Charles Taylor And The Issue Of Safe-Haven

As far as Nigeria goes — it has been a very busy month. There was the issue of whether Nigerians, in large number, was going to obey Buhari’s call for mass civil protest/disobedience. That was quickly followed by the Labor Union strike, and President Bush’s visit to Nigeria. And then there was the civilian coup d’etat in Anambra State against Governor Chris Nwabueze Ngige. Between the call for mass protest, labor strike, Bush’s visit and the coup was the issue of President Charles Taylor of Liberia.

In the days and weeks ahead, Nigerians, at home and abroad, would have plenty to say about the coup. For much of last week however, it was the appropriateness of President Obasanjo granting President Charles Taylor a safe-haven in Nigeria that has vexed a lot of commentator, essayist, politicians and some of my friends. To say the least – it provoked a lot of “thunder, fire and brimstone”. By my unscientific poll, ninety-five percent of Nigerians (on the World Wide Web) are vehemently against granting Taylor a safe-haven in Nigeria. The reasons they proffered are without a doubt, compelling and reasonable and has basis in law, morality and common sense.

I am in the minority. I favor granting Taylor refuge in Nigeria. This, in spite of the fact I have always asserted criminals be brought to justice. On this matter however, I am of the opinion that there are times when it is necessary to allow misfits off the hook especially if such an act will serve a greater or common good. In the case of Charles Taylor, it will!

It is impossible to read, or hear about the track-records of Mr. Taylor and feel any sympathy or empathy toward, or for him. And if the allegations against him are true, he belongs in the deepest valley of a raging fire. But how do we know he is guilty of all that has been leveled against him? Well, only the courts can tell us. But as it is, Mr. Taylor does not want to go to court to face his alleged victims; he does not want to stand before the international community and defend himself; he does not want the Manuel Noriega or Slobodan Milosevic’s treatment. He wants the same treatment that was accorded Siad Barre, Mengistu Mariam, Hissene Habre, Jean-Claude Duvalier, Alfredo Stroessner, and Idi Amin.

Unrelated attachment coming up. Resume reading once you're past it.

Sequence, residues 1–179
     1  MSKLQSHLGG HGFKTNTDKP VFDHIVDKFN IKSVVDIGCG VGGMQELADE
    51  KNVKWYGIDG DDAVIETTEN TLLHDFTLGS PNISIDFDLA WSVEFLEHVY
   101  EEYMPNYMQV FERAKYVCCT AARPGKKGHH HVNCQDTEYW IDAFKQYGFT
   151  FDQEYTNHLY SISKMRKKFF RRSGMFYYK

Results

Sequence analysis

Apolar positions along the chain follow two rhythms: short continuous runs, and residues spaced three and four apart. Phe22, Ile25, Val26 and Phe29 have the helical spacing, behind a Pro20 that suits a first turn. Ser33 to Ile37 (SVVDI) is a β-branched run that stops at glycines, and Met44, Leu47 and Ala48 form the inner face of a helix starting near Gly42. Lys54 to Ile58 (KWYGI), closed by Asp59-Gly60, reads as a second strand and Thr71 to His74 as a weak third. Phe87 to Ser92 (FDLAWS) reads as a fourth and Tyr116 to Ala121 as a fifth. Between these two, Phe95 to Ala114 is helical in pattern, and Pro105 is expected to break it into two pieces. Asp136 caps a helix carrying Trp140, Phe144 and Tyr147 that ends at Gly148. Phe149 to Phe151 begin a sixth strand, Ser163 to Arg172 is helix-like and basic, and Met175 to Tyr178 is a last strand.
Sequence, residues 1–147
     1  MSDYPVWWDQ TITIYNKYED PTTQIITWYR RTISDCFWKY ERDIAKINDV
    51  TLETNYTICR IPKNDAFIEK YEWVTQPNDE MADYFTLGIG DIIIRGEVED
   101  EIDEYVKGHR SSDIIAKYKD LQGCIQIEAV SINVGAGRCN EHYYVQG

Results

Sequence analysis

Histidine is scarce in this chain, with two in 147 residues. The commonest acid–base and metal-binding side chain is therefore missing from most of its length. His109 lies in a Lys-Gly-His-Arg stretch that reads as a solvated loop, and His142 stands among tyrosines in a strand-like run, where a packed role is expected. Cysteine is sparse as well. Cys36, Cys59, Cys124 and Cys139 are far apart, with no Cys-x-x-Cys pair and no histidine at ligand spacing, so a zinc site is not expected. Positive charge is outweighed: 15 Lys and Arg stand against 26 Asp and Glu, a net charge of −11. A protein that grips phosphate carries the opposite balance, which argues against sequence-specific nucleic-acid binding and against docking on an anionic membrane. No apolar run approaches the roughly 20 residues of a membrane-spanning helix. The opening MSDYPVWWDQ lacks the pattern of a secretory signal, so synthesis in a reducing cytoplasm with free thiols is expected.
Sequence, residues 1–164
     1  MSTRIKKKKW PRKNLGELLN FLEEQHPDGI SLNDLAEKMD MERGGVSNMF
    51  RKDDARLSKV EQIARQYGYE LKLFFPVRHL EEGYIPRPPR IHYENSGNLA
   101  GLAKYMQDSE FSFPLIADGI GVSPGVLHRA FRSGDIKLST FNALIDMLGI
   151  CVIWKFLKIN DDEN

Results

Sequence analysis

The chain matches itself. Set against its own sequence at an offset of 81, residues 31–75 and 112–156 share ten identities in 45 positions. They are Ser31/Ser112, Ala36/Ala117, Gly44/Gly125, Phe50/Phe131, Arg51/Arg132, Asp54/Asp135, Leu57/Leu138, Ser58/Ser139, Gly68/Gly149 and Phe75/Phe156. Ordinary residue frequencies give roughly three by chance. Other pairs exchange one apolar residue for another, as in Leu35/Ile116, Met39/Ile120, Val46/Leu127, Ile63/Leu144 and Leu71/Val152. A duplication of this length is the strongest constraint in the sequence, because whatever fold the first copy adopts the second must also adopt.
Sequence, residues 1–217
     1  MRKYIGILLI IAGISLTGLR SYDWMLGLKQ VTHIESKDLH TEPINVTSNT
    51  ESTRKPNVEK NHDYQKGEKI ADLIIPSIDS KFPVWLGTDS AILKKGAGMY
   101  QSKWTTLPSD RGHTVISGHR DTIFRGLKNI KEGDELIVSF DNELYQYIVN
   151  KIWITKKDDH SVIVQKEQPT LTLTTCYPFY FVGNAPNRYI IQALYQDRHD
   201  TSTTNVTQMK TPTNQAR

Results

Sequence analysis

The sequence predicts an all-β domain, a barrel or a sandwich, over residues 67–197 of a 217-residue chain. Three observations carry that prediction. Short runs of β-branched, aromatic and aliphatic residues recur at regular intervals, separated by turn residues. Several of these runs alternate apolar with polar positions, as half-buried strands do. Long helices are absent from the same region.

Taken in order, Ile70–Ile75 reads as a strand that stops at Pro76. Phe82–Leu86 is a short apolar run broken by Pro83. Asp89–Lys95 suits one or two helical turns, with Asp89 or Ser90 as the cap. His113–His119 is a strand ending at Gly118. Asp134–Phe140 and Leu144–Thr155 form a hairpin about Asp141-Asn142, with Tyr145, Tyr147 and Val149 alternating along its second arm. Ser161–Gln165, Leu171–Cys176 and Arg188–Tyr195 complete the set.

The idea that a man who killed, maimed, and caused his country and indeed his sub-region to go to ruin would be shielded from international justice is galling my fellow Nigerians. That a man who caused millions of people untold sorrow and hardship, who abridged his people’s right, who found joy in the sorrow and sufferings of his people and neighbors, would be allowed to walk free — does not sit well with millions of people.

Allowing war criminals or those who commit international crimes to walk free and without any repercussion is unconscionable and appalling. Such actions on the part of governments and other constituted authorities offend human sensibilities; it is a stab on our conscience, and on our sense of right and wrong. Although Charles Taylor’s situation is not exactly like others before him, still, consider the following models, which I believe President Obasanjo alluded to when he said there is a precedent for his impending action:

    1. District Attorneys (DA’s) and government prosecutors in the United States regularly make deals with murders and crooks in other to get at the “big-fishes”. For example, Sammy “the Bull” Gravano, was spared by the US Department of Justice — and even allowed into the witness protection program — in other to successfully prosecute John Gotti of the Gambino family.

    2. The United States is littered with political offenders, miscreants, war criminals, and dictators from South America. For reasons best known to the US government, these people are usually never prosecuted for their crimes against humanity

    3. There is an “understanding” within the international community that there are times when you “let the sleeping dog lie”, as was the case with Henry Kissinger, Ariel Sharon, and Augusto Pinochet.

    4. Saudi Arabia granted Idi Amin political asylum. Here was a man who was said to be responsible for over 300,000 political killings. France allowed “Baby Doc” into their country even though they knew “Baby Doc” and “Papa Doc” was responsible for over 150,000 political deaths.